As soon as you add the Mask to a Layer with a previously made selection, your 'marching ants' will disappear ... this means that if you wish to further adjust that particular area of your picture, you'll have to reselect it .... Nooo...I don't mean going through the selection procedure again .... by reselect I mean keep your 'Ctrl' key pressed while clicking on your Layer Mask and, as by magic, your selection and marching ants will be back and ready to be applied to the next Layer or Adjustment Layer...
That is what I did with the Selective Colors Adjustment Layer I used to change the eye colour in my picture... but, let's see the different Options for a practical example:
- White-Reveal All (the changes made) .... the overall changes gave the image, but particularly the skin an unpleasant 'muddy', cyan cast. (Image 13)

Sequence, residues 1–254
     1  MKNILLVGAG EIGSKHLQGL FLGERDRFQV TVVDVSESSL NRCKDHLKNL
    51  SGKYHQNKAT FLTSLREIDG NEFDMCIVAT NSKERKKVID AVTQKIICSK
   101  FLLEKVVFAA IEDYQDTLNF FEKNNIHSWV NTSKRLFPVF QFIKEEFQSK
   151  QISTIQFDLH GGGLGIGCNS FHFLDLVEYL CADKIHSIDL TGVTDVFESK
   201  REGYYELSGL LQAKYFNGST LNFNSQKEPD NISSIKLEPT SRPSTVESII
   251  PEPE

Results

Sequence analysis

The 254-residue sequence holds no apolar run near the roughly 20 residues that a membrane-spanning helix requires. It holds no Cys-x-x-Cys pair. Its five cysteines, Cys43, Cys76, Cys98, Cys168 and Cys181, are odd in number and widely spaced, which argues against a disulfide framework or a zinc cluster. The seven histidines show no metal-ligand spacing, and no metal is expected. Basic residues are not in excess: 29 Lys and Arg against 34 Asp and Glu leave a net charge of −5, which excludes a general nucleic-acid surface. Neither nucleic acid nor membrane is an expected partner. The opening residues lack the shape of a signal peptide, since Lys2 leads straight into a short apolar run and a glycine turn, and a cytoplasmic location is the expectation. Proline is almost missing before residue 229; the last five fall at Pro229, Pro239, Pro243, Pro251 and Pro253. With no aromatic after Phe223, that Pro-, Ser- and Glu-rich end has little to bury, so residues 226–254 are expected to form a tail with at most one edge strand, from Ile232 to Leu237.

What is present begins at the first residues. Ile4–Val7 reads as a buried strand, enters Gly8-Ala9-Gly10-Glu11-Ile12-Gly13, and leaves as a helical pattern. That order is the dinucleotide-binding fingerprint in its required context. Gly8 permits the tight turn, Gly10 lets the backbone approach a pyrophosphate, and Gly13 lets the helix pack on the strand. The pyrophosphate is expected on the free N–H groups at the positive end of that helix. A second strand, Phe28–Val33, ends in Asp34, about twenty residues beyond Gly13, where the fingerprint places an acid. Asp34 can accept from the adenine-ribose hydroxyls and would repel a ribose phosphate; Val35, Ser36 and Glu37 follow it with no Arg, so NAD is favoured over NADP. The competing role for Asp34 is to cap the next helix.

- Black-Hide All (the changes made) ... all the effects of the Adjustment Layer are hidden by the Mask and therefore invisible. (Image 14)
- Black and White = 'selective' Layer Mask ... the only visible change is the colour of the irises ... result I was aiming for... (Image 15)
.... the final result. (Image 16)
If you haven't fallen asleep yet, there is one final section I'd like to add to this 'neverending' Tutorial:
GREY AND GRADIENTS IN LAYER MASKS.
We have seen Black and White Layer Masks and Black and White 'paint corrections' for hiding or revealing.
Between these two extremes, there is the whole Grey gradation which can be used on the whole Mask or on the 'paint corrections to gradually increase/decrease the strenght of their visibility. (Image 17)
Finally, using a Black to White Gradient on a Layer Mask, results in a smooth, gradual blending of top and underlying Layers ....
This last procedure is very useful for smoothly blending two pictures together (Image 18, 19), and for creating collages.
I hope this tutorial has helped understanding Layer Masks better, so that, now, you might be tempted to use, experiment or, as I often say 'play' with this incredible feature!